2. Paid leave requirements have been enacted or expanded in many states.  Absent a federal statute, we anticipate additional states to implement their own paid family leave laws.

    3. As hybrid workplace environments continue, predictive scheduling laws may become the next frontier of state and local labor and employment regulation.

  • On the Global front, we expect significant changes in the employment landscape in major economies.  

    1. In the EU, focus will be on the Pay Transparency Directive the Women on Boards Directive, and the  EU’s proposed Directive on corporate due diligence, each of which will have significant global impact.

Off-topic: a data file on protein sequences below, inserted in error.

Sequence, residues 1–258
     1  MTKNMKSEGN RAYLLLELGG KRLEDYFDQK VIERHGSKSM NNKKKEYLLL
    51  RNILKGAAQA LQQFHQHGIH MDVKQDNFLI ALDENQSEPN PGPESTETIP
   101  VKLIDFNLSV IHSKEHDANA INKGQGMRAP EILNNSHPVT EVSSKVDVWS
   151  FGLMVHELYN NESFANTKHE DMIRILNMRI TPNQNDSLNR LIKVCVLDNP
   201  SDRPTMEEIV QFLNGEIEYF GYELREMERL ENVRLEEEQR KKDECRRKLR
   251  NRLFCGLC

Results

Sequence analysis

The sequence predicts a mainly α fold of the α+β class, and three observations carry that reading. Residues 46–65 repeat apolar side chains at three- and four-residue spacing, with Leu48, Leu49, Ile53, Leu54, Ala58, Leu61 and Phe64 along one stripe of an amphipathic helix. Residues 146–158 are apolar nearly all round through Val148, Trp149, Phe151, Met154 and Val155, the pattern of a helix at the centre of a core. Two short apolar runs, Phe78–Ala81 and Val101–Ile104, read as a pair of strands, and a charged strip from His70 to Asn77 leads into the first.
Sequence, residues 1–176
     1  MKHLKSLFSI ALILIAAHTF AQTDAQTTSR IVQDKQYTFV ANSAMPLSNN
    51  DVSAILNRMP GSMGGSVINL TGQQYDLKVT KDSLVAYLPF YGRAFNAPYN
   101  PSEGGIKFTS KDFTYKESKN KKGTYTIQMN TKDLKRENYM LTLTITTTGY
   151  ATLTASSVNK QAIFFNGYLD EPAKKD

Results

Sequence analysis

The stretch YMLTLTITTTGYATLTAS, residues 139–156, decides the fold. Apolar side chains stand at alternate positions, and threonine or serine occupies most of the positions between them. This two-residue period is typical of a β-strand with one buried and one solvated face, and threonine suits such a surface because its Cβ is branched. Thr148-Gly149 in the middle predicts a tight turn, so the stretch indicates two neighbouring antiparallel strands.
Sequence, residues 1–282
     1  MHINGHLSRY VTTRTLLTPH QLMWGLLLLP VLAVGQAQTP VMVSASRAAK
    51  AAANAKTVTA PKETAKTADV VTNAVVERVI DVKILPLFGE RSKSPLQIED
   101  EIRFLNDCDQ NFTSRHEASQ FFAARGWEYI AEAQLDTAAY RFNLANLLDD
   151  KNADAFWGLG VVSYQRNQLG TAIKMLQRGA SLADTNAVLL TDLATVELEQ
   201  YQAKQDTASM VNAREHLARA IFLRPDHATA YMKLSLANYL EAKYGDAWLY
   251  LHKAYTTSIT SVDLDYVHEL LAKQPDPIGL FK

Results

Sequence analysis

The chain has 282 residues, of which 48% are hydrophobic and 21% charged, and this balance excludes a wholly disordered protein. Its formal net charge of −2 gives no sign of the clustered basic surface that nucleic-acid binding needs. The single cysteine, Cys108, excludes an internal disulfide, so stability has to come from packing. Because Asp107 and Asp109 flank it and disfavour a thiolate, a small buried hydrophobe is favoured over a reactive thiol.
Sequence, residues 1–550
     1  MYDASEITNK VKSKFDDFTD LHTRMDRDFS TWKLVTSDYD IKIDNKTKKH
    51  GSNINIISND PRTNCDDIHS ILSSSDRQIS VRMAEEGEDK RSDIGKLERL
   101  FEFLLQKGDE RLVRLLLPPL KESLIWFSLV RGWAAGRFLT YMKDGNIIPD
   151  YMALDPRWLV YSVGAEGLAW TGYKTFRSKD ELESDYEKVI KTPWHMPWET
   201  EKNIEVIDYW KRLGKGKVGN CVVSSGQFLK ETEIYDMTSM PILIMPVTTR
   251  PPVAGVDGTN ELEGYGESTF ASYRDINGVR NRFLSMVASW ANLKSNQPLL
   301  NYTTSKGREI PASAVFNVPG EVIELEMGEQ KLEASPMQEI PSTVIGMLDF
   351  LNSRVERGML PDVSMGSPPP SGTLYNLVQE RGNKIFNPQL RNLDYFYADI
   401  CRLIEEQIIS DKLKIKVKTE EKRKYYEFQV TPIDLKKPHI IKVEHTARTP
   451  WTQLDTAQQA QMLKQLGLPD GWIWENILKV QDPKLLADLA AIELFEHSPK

2. In Asia, China is lifting Covid restrictions and employers will likely see an impact on workers. We also anticipate India to pass major labor reform granting more flexibility to employers.

    3. Mexico will complete the first phase of its 2019 labor reform in May 2023.

Most importantly, whether and how public policy changes occur will reinforce or change expectations among different generations of employees and ultimately impact company culture. We need your perspective and engagement. Join us this February 22-24 as we discuss the opportunities and CHRO’s role in setting expectations and making decisions to proactively meet the demands of the workplace of 2023 and beyond.

Timothy J. Bartl

President and CEO, HR Policy Association

Detailed Bio

Contact Timothy J. Bartl LinkedIn